Dr. Rahul Telang
By far, this has been my least favorite course at CMU for a wide variety of reasons. This isn't a "I'm doing poorly in this class so I hate it" summary, but I think there are some issues that need to be addressed for this class to be better. Mainly, don't expect your technical knowledge to make any difference in this class. In fact, he often says to "not think about the technical standpoint" when talking in class. You are very welcome to just throw random statements out with no regards to accuracy from both a technical or a policy view. This is the reason the home page of this site is a "buzzword generator." This class doesn't even attempt to incorporate any actual security policy into discussion, not even a little. The best way to describe this course is to take "security" and "management" out of the course title and just call it "Information Policy." You'll be required to take this class, so you will most likely need to learn patience to deal with it. For the record, I had generally good grades in here so this opinion is mostly based on content being delivered.
Dr. Rajeev Gandhi
Probably, as of this semester, my most time-consuming class. The whole class seems to be designed that you will be working on labs for a long period of time. There are even references to the Operating Systems class in the lab documents, so it's almost like they are wanting to pretend they are offered similar rigor to the Operating Systems class. This is not quite true. It is true that you will design a kernel (in ARM), and it's true that almost all your homeworks will build on each other. What is less likely to be true is that you will be able to consistantly receive good help for your homework. The TAs in the previous year's embedded class were constantly talked about as being some of the best, but only one or two TAs were helpful for this course. Piazza posts would be either unanswered or answered very poorly, and assignments were not graded until the end of the semester. The TAs also would grade the tests and would subtract large amounts of points for minor mistakes -- in one question, after seeing Dr. Gandhi, I received 10 points back. It was a nightmare trying to get help from most of the TAs.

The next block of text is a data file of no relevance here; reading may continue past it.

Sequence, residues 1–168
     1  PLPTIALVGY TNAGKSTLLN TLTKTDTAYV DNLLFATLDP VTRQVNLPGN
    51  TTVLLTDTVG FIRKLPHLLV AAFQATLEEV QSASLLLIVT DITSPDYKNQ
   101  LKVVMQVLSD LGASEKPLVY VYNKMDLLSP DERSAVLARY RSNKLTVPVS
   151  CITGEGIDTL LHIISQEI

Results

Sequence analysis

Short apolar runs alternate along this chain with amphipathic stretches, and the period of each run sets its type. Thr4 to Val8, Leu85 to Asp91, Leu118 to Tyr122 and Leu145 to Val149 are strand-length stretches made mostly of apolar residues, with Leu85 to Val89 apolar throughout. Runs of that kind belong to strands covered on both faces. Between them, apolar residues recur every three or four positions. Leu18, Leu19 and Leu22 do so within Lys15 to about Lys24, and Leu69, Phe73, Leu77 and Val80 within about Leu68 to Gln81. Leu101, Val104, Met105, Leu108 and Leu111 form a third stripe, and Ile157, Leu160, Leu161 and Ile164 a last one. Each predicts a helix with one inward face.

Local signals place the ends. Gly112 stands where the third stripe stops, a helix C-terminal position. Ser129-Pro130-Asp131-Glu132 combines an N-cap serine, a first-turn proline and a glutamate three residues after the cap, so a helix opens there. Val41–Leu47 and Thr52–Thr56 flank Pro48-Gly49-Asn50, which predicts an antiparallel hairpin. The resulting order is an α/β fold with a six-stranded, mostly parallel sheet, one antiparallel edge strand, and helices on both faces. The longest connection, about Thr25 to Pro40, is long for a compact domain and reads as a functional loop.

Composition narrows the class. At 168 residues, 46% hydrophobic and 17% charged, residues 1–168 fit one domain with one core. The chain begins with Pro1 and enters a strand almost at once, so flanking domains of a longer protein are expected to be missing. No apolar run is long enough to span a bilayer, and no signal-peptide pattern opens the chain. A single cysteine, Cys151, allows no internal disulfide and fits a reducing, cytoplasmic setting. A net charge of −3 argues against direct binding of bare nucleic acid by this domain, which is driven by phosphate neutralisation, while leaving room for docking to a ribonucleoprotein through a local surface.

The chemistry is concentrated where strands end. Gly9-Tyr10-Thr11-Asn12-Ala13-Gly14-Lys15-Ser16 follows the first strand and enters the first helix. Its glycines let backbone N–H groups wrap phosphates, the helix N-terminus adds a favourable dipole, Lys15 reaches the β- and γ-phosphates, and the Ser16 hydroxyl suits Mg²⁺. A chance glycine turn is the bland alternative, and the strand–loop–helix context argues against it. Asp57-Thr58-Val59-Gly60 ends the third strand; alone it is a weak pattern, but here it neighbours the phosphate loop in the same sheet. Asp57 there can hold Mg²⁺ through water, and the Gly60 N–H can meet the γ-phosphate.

Tests were also made in such a way that everyone was going to fail. The stats on the final exam:
Minimum Value 4.00
Maximum Value 51.50